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  1. #1
    Join Date
    Aug 2006
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    So I Bought a Schwinn Ranger. Tuning?

    For my 9 yr old daughter. After reading through the forums, quality is not bad for the price. However, "assembly" is said to usually need tweaking. What I have noticed.
    1. Seat out of line-I wil need to adjust height anyway.
    2. Fork out of line with handlebar/headset.
    3. Front brake will need adjustment-rubs.
    4. Chain is dry and unlubed.
    What else would anyone recommend? What else has anyone found? Concerned about headset/wheel bearings/bb being properly greased. Has anyone found this to be an issue? Gears/deraileur seem to shift fine. Just wondering how far I need to tear into this. Handy with all of above, but NOT with spokes/wheels. They seem straight. Whatever anyone has experienced, would appreciate. Thanks.

  2. #2
    Senior Member DieselDan's Avatar
    Join Date
    Mar 2003
    Beaufort, South Carolina, USA and surrounding islands.
    My Bikes
    Cannondale R500, Motobecane Messenger
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    Grease seatpost
    Adjust cable tension after a month or so, cables stretch.
    Level saddle
    Adjust handlebars for correct grip, shifter, and brake lever angle.
    Tighten everything, just don't over do it.
    Remove pedals, grease threads, reinstall
    Use correct tools = metric
    Bikes use brakes to stop.

    If your bike has breaks, don't ride it.

  3. #3
    Senior Member Sci-Fi's Avatar
    Join Date
    Sep 2006
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    Almost every new bike, esp old school cup and cone and threaded headsets, I've taken it apart and greased and adjusted everything to my satisfaction...always seems they put the absolute minimum amount of grease in there...greased the headset bearings and fork, wheel bearings, bottom bracket (even on sealed bearings, it is often recommended to place a bead of grease around where the seals and crank shaft meet), seat post, and pedal bearings. A grease needle attachment is worth buying and makes things easier. Doesn't take that long to do it, although if you have a freewheel, you need a tool to take it off to grease the rear bearing on that side and one should grease the freewheel threads before reinstalling it. Would pay to have the wheels checked for trueness, spoke tension, and if it's properly dished. As mentioned above, cables will need readjusting periodically for both the brakes and shifter/deraileur. Have done this for some of the kids around my neighborhood with store bought bikes and they are happy as all heck with the smoothness and longer coasting times/distances. The brake pads are pretty crappy, mark up the rims, and wear quickly...buying Kool Stop Salmon pads is a vast improvement when it come time to replace the OEM ones. For the chain, I buy a can of Dupont Teflon Multiuse lube from Lowe's for $5.00...spray it on and let it dry...leaves a waxy like coating.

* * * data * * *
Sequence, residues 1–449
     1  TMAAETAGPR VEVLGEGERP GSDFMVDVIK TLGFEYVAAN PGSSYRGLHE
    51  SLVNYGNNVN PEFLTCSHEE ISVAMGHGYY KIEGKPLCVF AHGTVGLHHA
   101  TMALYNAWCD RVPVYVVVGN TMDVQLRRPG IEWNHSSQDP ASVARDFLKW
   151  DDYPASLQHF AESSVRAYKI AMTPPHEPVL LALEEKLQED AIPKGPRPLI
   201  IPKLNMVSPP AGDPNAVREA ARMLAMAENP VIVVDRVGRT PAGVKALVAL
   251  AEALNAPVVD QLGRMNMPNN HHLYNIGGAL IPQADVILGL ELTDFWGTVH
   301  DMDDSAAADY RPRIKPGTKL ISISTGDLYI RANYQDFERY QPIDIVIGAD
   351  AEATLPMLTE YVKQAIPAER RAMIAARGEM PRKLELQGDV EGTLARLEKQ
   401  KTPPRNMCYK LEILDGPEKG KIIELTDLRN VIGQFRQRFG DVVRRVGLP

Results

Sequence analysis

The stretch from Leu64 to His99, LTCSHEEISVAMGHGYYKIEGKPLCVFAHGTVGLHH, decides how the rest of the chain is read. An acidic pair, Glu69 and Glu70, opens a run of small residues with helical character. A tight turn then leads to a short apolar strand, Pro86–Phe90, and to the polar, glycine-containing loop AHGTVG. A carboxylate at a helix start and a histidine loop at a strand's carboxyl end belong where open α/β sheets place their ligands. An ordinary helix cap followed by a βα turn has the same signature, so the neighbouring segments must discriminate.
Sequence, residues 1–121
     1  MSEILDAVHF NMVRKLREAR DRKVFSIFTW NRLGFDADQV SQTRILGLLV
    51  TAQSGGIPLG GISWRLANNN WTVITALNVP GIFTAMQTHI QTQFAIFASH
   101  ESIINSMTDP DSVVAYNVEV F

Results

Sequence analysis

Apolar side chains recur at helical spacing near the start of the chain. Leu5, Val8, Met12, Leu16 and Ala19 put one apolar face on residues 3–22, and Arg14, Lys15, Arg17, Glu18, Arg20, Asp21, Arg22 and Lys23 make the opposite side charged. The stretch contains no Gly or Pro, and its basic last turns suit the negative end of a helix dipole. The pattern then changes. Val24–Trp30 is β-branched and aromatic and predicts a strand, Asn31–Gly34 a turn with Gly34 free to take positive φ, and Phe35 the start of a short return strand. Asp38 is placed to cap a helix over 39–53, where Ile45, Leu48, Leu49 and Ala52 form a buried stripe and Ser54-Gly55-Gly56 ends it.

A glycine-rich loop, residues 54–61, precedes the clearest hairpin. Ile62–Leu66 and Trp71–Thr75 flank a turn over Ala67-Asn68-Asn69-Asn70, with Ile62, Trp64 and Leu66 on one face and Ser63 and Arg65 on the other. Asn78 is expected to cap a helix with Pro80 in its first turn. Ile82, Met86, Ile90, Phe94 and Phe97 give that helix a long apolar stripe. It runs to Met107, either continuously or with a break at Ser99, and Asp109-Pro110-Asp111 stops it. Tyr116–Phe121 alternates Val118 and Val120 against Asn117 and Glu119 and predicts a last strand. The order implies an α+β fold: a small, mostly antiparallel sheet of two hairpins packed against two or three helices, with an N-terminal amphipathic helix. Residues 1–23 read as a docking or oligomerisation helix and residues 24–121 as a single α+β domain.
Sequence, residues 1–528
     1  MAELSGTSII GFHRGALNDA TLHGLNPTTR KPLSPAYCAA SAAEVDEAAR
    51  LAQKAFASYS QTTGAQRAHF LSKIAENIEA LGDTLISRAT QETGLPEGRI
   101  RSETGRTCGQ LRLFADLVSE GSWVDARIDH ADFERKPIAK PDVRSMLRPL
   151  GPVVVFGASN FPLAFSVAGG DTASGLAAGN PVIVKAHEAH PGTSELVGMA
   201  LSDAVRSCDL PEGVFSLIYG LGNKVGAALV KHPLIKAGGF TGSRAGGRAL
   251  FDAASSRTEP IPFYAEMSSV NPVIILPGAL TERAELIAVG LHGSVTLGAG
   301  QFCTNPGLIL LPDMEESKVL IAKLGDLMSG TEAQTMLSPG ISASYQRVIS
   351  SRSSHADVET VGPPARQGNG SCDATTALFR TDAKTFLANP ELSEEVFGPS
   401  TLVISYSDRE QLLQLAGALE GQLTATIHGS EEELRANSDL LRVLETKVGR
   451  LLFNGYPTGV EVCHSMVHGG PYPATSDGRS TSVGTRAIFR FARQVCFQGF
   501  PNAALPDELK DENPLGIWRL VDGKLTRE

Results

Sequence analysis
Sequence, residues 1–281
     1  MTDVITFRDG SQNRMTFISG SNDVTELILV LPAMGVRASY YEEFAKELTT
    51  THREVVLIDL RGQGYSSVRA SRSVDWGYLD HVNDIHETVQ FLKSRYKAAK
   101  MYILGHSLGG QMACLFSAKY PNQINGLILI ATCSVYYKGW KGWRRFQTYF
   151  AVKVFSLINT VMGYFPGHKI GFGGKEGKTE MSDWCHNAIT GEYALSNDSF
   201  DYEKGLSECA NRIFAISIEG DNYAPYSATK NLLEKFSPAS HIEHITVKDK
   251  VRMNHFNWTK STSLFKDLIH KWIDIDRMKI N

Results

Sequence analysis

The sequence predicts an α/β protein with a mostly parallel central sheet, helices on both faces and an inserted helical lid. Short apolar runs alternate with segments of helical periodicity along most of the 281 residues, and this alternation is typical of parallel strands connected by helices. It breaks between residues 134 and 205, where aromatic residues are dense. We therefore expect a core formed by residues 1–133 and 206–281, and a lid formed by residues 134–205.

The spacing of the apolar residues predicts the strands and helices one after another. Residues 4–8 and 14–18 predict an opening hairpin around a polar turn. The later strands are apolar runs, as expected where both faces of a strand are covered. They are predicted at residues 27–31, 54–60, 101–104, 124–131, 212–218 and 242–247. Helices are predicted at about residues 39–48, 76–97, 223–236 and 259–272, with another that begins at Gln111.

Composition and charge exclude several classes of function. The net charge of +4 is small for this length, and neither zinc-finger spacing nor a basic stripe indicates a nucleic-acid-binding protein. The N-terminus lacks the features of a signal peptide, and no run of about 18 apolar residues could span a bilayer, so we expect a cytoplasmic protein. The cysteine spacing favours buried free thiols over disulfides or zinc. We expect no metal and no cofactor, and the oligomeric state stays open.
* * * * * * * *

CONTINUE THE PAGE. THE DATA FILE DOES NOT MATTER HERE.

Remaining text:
The Ranger Bike is a decent low cost bike, although there are many at this forum that would disagree. Seen a lot of them over the years around my area and many are still going strong with the original owners or as hand me downs to their kids or younger siblings. Can buy a higher end bike later (new or used) if she stays serious about riding a bike or out grows this one.

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